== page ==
From this diner scene, we go to Mike’s apartment, where it is now nighttime as he walks in to check his messages. Nearly every one of them is someone asking him whether or not Michele called yet. It tells us that he probably has the same kind of conversation we just saw, with every one of his friends. Mike calls his buddy Trent (Vaughn,) and Trent lays out different options they have for going out tonight. At that point, Mike bluntly analyzes the situation. They can spend all night driving around the hills, looking for great parties, only to find one that isn’t really so great, where a bunch of guys are hanging around one girl, and “I’m supposed to be all happy because she’s like wearing a backpack.” All of this is great. It’s real. Girls at parties used to wear little cute backpacks that were just big enough to be the size of a purse. And Mike is right about all the guys surrounding one or two girls. We see it at a casino bar scene coming up, where the guys go to meet their dates and have to walk through a crowd of guys who have circled around the women, just to get near them.


When Mike analyzes the situation about going out, in this way, Trent realizes either that Mike is right, or just how badly his friend needs to get out of town, (most likely it’s the later,) and so he tells Mike, right then and there, that they are going to Vegas. Mike objects, but moments later finds himself in a car driving to the city of lights. And the scene at the casino that follows is just comedy gold. Mike only wants to spend $100, but Trent pushes him to double down and the results do not go in his favor. And at the same time as Mike and Trent are trying to hide their frustration with losing a lot of money, they are trying to save face and look like big shots so they get comped free stuff by the pit boss.


It all leads to the two friends taking a bad situation and making it work as they pick up two casino waitresses and go back to their trailer home. And the laughs continue with Trent’s audition story and Mike’s need to check his messages. And this ends the first night. It has so far been all about setup, seeing that Mike is so heartbroken he can’t even focus on the girl in front of him who is clearly into him. From there, things are about to get worse.


The second night is the one where we really see these guys going from place to place. This is their usual routine, starting at Sue’s house (one of their friends, who has been named after the Johnny Cash song “Boy Named Sue,”) okaying some NHL hockey on Sega Genesis. And they even get into the video game, showing us instant replays where you can rewind it yourself, or how the right combination of buttons can be used to make the players fight and make each other’s heads bleed. All of this is great. It’s a perfect way to begin the second night.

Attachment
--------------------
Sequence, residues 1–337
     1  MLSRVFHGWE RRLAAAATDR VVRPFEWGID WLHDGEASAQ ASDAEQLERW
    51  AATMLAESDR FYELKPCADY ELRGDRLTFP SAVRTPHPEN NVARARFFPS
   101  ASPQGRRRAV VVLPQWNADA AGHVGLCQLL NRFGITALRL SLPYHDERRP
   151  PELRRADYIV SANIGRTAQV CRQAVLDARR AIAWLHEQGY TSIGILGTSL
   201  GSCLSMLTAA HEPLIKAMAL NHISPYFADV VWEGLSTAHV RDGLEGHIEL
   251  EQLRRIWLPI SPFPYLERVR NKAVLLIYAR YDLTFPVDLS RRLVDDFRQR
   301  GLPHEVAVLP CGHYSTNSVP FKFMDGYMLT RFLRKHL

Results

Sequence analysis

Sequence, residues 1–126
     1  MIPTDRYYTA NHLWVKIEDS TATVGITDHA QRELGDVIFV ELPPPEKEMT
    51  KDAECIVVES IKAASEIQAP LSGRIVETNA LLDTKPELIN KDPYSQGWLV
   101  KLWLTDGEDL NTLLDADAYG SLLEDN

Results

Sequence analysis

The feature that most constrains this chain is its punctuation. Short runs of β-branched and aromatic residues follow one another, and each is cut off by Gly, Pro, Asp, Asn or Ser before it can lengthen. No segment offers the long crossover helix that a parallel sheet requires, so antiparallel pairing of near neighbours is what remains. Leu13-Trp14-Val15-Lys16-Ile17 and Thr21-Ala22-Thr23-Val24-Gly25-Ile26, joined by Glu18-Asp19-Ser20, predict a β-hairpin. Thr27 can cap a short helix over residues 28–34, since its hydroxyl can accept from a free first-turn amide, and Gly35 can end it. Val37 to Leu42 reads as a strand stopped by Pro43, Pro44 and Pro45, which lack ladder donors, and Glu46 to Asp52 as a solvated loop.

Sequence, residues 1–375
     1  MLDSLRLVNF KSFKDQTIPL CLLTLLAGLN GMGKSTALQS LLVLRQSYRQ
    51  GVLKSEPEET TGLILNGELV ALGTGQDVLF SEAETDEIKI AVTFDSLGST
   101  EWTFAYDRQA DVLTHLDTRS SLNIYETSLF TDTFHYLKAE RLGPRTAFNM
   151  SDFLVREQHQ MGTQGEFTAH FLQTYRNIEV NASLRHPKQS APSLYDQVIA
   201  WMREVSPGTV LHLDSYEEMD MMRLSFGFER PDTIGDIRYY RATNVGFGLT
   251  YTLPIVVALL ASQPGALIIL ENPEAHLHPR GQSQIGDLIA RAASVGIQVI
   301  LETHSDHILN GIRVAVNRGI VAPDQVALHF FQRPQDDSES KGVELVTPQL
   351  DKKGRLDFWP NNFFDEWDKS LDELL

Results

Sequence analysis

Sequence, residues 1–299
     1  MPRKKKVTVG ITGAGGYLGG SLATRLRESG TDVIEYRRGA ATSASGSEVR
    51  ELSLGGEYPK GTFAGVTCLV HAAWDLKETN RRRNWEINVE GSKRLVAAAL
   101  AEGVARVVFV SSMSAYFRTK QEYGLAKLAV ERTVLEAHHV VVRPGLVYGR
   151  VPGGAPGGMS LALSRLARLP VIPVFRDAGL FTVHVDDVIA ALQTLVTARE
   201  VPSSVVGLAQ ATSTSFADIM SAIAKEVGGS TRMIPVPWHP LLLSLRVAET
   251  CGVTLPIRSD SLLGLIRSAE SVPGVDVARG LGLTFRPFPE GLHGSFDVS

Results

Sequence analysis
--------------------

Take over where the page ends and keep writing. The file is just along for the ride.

And like the first night, there are both highs and lows. With the first night, the high was going to Vegas, the low was losing money, the high was picking up two girls, and the low was Mike bring two hung up on his ex girlfriend to focus on the new girl he had a chance with here. The second night also involves Mike getting a girl’s number. Only with this night he is uncertain of himself and needs a pep talk from his friends about how he’s “so money,” and like a bear trying yo figure out what to do with his claws as he tries to catch a bunny rabbit. There’s also the talk about the PG13 guy versus the rated R guy. This is all great writing.


And this is the night that ends with disaster. It includes a gun coming out, (briefly,) some harsh words from one friend to another, and the Mike leaving messages scene that is the low point of the movie. And then there’s the final night of dating, where Mike goes out there just bring himself and find a girl who matches with his personality nicely. He hits it off with her, and makes every move right. And this movie uses everything Mike learned (the bunny rabbit speech, the earlier conversation about how many days to wait before calling,) to make him successful now. In the end, it’s Mike who figures things out, and his friends who start to look like fools (Trent has two diner scenes which illustrate this point, one with s dance on s table and another with a baby.) It’s all pretty great. The story is fun, the writing is smart, and the humor hits every nite just right. What a terrific movie!